Everyone responsible for an electrical, electronic or programmable electronic safety-related control system ought to be aware of IEC 61508 (Functional safety of electrical/electronic/programmable electronic safety-related systems) and its BS EN 61508 equivalent. In addition, IEC 62061 (Safety of machinery, Functional safety of safety-related electrical, electronic and programmable electronic control systems) is now available in the form of a harmonised standard (BS EN 62061:2005). The reason for mentioning these standards is that they require those working on such systems to be competent to do so.
The 'competent' person must be able to demonstrate their competence against a required standard, and competence has to be managed within the organisation via a formalised management system.
Competence can be defined as being properly qualified and having adequate skills and ability to perform tasks and functions as required by the job. In order to be competent, an individual must: have the ability to perform the task or job; have the ability to take responsibility to perform tasks unsupervised; display the integrity to execute the task successfully; be well motivated to follow set procedures; and be trained to do the task in hand.
An integral part of a competence management system should be periodic reviews to identify if there are any gaps in an individual's competence - perhaps due to internal or external changes - so that action can be taken to rectify any shortcomings. That person's competence should therefore continually develop in line with the requirements of the job. Training therefore plays a core role in this.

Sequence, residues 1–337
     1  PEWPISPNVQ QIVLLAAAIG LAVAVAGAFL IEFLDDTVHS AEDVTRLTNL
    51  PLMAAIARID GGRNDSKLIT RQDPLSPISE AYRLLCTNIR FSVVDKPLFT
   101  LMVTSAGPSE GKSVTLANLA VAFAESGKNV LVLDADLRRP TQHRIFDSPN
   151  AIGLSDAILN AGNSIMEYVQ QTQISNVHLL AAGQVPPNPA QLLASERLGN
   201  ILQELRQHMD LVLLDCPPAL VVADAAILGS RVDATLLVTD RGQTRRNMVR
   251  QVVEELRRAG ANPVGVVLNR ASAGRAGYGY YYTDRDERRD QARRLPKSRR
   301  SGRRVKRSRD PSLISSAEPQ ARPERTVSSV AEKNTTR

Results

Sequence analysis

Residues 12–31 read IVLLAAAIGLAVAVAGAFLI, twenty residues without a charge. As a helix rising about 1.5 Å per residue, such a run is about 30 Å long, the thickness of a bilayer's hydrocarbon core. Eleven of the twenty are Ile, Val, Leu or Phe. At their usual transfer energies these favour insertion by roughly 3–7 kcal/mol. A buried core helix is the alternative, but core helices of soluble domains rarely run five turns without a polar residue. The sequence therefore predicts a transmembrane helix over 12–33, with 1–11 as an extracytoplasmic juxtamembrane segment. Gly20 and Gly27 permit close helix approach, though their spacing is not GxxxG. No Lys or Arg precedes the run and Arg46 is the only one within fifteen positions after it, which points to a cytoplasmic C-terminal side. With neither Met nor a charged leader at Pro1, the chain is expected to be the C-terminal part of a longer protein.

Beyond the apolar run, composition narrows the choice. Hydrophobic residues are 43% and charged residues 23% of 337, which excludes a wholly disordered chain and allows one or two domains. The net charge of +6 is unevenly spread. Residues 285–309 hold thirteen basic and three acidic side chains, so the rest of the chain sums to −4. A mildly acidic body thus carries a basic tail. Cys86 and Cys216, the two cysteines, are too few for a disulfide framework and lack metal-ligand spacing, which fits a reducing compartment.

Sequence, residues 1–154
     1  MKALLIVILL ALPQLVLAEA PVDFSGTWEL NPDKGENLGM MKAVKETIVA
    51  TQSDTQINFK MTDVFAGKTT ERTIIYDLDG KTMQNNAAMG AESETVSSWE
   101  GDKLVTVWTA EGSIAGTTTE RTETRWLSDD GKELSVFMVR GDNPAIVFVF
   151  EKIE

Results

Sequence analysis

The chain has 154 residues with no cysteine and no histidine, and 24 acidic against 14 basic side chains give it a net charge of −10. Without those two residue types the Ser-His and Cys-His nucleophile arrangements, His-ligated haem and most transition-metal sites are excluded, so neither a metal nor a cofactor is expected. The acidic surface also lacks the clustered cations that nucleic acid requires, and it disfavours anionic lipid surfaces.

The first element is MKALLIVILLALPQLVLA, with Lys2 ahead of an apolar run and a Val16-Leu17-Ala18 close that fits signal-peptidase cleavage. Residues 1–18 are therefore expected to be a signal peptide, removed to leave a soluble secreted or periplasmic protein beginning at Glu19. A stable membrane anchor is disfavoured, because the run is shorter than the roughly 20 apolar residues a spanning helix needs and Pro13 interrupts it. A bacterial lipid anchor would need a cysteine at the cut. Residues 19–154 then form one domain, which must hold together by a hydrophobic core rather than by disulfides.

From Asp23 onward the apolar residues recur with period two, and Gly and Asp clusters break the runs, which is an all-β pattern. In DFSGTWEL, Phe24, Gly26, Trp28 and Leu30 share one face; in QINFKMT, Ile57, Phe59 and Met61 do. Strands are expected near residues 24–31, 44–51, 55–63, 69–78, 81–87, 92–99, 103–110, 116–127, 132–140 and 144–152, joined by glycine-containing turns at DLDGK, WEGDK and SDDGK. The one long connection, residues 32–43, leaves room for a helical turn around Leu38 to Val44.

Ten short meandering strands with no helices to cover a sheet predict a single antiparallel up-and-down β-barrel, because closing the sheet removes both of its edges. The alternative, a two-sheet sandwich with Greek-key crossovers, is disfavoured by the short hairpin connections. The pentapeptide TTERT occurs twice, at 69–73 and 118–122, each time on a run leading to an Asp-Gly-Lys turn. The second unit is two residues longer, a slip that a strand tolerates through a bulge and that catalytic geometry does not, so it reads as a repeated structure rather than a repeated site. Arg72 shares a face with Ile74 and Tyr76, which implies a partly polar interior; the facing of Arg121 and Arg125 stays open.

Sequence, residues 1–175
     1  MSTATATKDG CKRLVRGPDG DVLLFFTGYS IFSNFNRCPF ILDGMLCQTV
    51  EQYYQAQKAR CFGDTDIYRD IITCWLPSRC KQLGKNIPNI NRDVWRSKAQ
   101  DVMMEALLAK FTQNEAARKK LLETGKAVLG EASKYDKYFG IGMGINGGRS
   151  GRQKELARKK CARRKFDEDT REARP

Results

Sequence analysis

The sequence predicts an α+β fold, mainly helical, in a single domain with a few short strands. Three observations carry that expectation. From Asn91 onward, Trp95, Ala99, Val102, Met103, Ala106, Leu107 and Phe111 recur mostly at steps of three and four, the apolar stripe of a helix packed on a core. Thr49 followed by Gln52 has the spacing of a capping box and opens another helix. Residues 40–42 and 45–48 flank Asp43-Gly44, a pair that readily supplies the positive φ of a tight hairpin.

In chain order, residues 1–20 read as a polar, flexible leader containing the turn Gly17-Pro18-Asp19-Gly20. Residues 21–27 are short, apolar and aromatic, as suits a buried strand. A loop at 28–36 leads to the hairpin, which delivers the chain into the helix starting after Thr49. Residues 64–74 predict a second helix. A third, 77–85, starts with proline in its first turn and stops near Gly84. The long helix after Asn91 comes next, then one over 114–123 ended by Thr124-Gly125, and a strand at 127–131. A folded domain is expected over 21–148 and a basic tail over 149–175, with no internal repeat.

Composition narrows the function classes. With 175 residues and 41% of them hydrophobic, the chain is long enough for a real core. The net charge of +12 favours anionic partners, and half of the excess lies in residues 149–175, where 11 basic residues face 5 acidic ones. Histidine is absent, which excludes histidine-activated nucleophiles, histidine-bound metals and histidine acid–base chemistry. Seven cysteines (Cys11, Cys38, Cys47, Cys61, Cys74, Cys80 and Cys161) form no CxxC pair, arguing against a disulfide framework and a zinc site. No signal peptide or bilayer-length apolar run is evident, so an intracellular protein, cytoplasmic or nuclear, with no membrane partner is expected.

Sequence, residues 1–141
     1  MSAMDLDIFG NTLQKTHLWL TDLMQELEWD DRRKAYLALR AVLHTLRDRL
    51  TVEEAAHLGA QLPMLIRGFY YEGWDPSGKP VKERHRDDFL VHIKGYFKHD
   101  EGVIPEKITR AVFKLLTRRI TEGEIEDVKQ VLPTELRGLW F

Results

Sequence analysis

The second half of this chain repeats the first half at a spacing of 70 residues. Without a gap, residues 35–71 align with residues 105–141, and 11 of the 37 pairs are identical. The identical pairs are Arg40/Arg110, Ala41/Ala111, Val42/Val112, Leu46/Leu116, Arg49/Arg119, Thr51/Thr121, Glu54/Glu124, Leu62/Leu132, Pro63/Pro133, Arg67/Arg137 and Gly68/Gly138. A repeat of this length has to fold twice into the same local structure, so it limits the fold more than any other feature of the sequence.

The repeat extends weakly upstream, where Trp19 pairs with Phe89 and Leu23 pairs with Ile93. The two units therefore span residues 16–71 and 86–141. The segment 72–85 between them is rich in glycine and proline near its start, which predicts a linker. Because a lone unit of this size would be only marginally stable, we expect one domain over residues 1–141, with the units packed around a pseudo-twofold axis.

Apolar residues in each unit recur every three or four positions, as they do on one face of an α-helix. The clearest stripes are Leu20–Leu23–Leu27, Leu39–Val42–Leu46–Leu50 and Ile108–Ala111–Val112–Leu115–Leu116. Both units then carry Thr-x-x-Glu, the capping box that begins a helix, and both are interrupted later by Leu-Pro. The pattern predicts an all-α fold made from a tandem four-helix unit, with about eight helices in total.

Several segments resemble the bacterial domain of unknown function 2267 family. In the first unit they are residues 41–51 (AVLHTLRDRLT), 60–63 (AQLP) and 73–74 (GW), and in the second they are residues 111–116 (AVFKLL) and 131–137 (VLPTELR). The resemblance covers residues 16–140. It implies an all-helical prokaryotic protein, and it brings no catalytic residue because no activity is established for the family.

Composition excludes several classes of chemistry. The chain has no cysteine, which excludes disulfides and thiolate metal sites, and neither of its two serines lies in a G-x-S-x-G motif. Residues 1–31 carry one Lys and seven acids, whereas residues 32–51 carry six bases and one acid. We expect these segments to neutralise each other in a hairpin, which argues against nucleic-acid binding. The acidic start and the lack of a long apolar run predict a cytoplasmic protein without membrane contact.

Training courses can be a very cost-effective way to provide information where an individual or group needs to increase knowledge in specific areas. For example, the four-day City & Guilds accredited Machinery Safety Course (City & Guilds reference number 1623) available exclusively from Pilz is designed to provide attendees with the knowledge that will help them to demonstrate a level of competency in machinery safety. It is aimed at people who have responsibility for new or existing machinery, including designers, manufacturers, maintenance engineers and engineering/project managers.
Also available is 'An introduction to BS EN 61508:2002 Functional safety of electrical/electronic/programmable electronic safety-related control systems'; this course would be an excellent starting point for individuals working in organisations that are installing and operating machinery with E/E/PES control systems. If all previous experience had been with equipment that had been hard-wired with safety relays, it is most unlikely that the managers, engineers and maintenance staff would have the necessary competence (according to BS EN 61508) to perform their day-to-day tasks with the new equipment.
Pilz Automation Technology can also develop tailored training courses to ensure that theoretical and hands-on training is undertaken in the most effective way possible, either at the Pilz training facilities in Corby, Northamptonshire, or at the customer's premises.
Nevertheless, if a company is unsure of its position in relation to BS EN 61508 and competency management, Pilz can assist with clarifying the situation and identifying any requirements for competency management and/or training. If required, Pilz can then work with the customer to design and implement a competency management scheme and plan a training schedule that is prioritised to suit the customer's needs and budget.